By Rich Rubino
Conventional wisdom dictates that should Bernie Sanders overcome all electoral hindrances and assume the presidency, much of his agenda would not get through the U.S. Congress. Since Sanders comes from the left wing of the political spectrum, it would be nearly impossible for him to persuade moderate Republicans to vote for his proposals.
Traditionally, presidents shepherd legislation through the Congress by consolidating the votes of members from their own party, then by siphoning off the votes of enough moderates from the opposing party to get legislation passed. This is how Lyndon B. Johnson got Medicare through in 1965, how Ronald Reagan pushed his tax cut proposal through in 1981, and how George H.W. Bush won approval for the the Persian Gulf War Resolution in 1991.
Along these lines, many of Sanders’s major proposals would have a near impossible chance of passing without major changes to temporize the legislation. The Republicans are likely to maintain control of the House, and while there is an outside chance they could lose the Senate, the chances are de minimus that the Democrats will hold a 60-vote filibuster-proof majority.
This article initially appeared on Huffington Post.
Sanders’s flagship legislative proposal to establish a single-payer health care system would not likely garner a solitary Republican vote in Congress. There are no longer any liberal Republicans in either chamber. The most moderate Republicans, like U.S. Senator Susan Collins (R-ME) and U.S. Representative Mike Turner (R-OH) voted against the Affordable Care Act in 2010, and would have no incentive to go a step further to support a not-for-profit healthcare system.
Any Republican who defected and supported the Sanders Plan would likely suffer recriminations by losing his/her seat on a prominent committee, by losing funding for a project in his/her state or Congressional District, or by facing a redoubtable primary challenger when he/she is up for re-election.
Even if the Democrats did win supermajorities in both houses, moderate Democrats, especially those with constituents who work in the health insurance industry, would not likely support the Sanders proposal.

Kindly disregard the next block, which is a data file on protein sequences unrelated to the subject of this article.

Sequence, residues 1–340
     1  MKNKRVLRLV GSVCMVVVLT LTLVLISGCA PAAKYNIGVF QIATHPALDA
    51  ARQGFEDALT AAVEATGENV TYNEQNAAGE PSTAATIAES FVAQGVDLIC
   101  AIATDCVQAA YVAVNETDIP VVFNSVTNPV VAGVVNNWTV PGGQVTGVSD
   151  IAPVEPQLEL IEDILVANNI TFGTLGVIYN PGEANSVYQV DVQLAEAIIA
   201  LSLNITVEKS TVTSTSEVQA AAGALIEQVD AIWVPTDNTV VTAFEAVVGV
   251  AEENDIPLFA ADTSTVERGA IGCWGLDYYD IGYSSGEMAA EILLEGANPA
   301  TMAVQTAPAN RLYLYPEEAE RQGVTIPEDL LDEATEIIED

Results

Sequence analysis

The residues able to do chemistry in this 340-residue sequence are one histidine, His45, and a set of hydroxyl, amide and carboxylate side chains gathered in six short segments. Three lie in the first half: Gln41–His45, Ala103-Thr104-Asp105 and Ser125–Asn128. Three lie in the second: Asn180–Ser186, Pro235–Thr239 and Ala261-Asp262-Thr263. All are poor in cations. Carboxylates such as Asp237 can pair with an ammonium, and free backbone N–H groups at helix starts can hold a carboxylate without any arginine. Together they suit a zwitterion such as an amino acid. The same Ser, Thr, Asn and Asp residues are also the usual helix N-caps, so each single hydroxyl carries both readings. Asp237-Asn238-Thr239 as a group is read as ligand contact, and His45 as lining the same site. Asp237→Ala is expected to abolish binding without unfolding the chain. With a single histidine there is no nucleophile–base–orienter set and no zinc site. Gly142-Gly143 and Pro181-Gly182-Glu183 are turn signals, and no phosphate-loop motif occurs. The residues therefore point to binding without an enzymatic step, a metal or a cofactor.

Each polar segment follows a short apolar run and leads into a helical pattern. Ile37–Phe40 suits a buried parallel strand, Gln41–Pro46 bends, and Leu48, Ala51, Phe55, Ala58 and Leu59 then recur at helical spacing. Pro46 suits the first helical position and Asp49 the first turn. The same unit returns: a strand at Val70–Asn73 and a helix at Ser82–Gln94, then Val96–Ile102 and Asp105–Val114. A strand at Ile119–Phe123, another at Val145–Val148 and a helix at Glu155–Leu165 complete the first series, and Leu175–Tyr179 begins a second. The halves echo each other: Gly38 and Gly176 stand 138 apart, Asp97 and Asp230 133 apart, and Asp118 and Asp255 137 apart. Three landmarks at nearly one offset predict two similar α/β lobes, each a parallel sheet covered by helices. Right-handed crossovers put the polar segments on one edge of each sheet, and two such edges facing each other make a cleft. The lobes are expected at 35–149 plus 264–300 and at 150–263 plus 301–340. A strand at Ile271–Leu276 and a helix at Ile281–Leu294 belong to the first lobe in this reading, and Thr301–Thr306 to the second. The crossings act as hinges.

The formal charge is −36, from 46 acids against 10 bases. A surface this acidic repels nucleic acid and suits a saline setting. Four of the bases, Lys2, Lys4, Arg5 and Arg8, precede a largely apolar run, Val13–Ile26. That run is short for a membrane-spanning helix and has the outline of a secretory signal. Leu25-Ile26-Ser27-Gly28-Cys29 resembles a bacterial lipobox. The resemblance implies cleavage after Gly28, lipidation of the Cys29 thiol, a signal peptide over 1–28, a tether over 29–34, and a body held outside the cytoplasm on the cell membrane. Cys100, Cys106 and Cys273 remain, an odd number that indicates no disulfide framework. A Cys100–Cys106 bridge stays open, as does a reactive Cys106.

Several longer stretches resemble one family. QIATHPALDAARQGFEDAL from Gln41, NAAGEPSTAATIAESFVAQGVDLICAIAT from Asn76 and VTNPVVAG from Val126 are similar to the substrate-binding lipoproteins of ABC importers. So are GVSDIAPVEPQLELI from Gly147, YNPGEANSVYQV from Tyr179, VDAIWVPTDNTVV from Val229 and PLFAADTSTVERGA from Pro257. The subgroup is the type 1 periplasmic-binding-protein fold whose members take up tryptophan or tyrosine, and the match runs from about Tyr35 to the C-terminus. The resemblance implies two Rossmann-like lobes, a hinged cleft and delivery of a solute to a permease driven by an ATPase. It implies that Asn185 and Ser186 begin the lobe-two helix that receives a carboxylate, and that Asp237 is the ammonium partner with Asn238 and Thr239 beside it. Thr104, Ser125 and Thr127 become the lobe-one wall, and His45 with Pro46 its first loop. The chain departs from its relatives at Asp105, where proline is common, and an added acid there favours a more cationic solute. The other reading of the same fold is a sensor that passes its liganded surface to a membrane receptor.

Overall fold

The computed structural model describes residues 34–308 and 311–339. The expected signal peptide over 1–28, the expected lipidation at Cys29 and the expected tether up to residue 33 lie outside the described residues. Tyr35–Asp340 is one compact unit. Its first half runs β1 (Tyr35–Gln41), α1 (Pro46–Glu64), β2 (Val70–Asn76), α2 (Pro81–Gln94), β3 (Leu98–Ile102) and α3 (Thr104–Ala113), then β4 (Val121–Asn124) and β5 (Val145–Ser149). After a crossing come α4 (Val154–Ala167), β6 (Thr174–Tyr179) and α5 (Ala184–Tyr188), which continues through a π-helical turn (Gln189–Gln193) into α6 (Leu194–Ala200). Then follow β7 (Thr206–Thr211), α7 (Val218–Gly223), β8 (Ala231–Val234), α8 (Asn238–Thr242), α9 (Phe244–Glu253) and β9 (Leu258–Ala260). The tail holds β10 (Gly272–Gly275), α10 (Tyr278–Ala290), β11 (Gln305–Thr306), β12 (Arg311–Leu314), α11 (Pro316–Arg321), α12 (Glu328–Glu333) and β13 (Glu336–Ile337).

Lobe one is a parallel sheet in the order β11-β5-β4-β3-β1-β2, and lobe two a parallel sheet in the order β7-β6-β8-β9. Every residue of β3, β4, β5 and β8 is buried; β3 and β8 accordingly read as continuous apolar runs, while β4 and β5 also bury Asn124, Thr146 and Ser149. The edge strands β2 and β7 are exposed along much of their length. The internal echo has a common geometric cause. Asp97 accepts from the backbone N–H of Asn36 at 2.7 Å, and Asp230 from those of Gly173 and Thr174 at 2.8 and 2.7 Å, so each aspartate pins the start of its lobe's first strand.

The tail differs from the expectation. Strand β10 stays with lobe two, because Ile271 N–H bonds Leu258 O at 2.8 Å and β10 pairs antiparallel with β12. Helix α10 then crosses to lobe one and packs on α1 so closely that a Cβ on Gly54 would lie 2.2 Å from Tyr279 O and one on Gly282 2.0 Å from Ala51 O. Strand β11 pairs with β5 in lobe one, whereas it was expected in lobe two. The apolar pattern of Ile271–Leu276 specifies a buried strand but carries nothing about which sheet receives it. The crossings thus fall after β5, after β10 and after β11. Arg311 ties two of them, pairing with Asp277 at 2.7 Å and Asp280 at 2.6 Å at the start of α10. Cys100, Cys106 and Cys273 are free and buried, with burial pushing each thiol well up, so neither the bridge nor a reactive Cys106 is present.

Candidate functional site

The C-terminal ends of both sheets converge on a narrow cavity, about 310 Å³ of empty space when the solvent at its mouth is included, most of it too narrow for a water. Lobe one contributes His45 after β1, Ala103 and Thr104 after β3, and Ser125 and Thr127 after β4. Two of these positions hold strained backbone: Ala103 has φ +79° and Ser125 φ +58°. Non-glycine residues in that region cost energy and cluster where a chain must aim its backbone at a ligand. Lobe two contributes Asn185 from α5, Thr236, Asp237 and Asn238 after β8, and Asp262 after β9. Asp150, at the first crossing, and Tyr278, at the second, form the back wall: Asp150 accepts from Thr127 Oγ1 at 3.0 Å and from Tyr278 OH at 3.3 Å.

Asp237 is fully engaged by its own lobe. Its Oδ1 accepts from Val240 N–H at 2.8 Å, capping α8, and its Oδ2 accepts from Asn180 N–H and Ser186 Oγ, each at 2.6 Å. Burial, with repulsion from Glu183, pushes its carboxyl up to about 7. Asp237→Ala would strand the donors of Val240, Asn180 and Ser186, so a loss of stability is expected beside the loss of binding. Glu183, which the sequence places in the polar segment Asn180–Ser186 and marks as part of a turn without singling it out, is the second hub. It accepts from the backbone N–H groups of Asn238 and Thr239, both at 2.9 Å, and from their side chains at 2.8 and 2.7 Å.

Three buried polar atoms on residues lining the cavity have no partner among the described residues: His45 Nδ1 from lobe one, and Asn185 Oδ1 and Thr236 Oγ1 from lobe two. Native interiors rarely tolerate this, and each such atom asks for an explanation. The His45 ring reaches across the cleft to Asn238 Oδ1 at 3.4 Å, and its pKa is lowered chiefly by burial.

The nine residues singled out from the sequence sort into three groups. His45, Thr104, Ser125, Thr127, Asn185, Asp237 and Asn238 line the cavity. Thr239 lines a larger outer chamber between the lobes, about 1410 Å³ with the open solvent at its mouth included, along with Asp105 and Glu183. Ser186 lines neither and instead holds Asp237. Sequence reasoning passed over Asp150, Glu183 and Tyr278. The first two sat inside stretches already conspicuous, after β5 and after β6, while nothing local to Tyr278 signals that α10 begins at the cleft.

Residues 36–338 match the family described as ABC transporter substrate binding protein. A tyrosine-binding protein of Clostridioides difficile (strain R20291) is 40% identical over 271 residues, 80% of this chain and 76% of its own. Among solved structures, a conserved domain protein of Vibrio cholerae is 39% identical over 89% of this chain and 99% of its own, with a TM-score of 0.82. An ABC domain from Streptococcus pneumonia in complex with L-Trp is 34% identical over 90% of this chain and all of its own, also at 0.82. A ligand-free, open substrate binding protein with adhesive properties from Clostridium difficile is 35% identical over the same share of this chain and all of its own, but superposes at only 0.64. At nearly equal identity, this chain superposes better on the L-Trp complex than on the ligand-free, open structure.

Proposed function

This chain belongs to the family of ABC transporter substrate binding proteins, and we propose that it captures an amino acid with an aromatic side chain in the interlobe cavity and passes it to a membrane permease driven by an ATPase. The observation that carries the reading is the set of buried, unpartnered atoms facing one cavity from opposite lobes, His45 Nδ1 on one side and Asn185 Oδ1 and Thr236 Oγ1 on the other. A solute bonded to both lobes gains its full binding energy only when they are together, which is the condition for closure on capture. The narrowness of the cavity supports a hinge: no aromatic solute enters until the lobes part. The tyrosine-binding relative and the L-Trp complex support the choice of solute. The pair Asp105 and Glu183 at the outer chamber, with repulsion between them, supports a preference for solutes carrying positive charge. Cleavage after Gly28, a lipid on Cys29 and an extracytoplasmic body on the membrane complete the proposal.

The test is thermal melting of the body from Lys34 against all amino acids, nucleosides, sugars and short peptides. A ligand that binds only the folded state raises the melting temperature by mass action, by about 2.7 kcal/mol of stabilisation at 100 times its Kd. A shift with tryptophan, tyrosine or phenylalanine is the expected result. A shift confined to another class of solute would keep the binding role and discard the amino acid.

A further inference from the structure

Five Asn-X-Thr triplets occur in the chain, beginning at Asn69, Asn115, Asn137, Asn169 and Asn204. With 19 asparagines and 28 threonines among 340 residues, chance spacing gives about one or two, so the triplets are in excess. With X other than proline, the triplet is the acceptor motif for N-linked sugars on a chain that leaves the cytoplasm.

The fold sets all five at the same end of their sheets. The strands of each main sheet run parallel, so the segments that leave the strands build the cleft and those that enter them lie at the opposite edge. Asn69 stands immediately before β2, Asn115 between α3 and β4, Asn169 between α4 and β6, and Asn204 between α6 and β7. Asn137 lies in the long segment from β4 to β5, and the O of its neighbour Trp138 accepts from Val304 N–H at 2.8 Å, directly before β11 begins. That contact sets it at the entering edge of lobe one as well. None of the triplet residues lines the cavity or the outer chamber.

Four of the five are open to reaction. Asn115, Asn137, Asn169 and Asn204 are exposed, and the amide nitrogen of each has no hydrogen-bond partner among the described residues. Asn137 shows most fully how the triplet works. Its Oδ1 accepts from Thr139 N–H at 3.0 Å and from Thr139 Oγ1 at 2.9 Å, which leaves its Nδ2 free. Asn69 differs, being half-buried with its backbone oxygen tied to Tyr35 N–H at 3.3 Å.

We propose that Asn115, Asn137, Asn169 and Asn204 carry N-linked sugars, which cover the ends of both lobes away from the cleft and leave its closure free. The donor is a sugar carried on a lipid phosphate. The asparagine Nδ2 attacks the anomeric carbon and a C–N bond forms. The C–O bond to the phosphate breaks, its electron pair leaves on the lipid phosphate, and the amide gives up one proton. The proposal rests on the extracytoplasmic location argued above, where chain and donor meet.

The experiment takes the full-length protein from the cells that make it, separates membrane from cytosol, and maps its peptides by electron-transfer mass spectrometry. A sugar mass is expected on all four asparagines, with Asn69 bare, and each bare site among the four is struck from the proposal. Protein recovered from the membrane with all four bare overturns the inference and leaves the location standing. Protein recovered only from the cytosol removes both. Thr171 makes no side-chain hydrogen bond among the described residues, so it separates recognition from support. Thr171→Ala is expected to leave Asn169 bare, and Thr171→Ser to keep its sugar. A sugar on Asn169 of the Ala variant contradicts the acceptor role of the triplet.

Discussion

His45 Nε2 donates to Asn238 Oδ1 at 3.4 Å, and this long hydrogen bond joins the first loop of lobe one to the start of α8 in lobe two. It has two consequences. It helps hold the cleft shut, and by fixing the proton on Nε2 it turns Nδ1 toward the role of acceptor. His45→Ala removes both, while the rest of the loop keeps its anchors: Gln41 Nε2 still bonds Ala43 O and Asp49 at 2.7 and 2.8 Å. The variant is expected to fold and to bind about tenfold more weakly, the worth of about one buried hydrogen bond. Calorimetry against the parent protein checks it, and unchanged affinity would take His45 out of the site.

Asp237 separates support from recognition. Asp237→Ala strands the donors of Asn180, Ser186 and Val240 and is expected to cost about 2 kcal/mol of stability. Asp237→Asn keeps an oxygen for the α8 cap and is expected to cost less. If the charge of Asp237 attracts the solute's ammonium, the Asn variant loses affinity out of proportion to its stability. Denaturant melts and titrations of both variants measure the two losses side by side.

That being said, on many other issues, a Sanders administration would have the opportunity to revolutionize bipartisanship. Instead of working through the center, Sanders could effectuate coalitions of the progressive left and the Tea Party Right. The opposition would come from the center-left and from the center-right in both parties. American politics is not a continuum but a circle. There is a point where Ralph Nader’s bicycle crashes into Pat Buchanan’s Mercedes. This is the point Sanders would have to work from for legislative achievement.
Sanders calls for a truncation of the U.S. military budget. He has voted against the Defense Authorization Act in 2012, 2014, and in 2015. Sanders often highlights the fact that the U.S. spends more on Defense than the next seven countries combined.
Cutting the Defense budget has support on the far left, as well as on the far right. While many establishment Republicans and GOP Presidential candidates continue to call for increases in the military budget, they are often at odds with consistently fiscally conservative Tea Party members who call for across the board cuts in federal spending and they make no exception for the military budget.
U.S. Representative Mike Mulvaney (R-SC) is one of the most conservative members of the Congress. On the issue of military spending, Mulvaney found common ground with one of the Chamber’s most liberal members, U.S. Representative Barney Frank (D-MA) in 2012 in supporting a freeze in military spending. Mulvaney could be Sanders’ pointman in securing GOP votes to freeze or cut military spending. In addition, conservative U.S. Senator Chuck Grassley (R-IA) could be a partner with Sanders. He is a perpetual critic of government waste at the Pentagon. Grassley once complained to Presidential Ronald Reagan: “It’s great that you are going after the welfare queens, Mr. President. But when are you going to go after the welfare queens in the Pentagon?”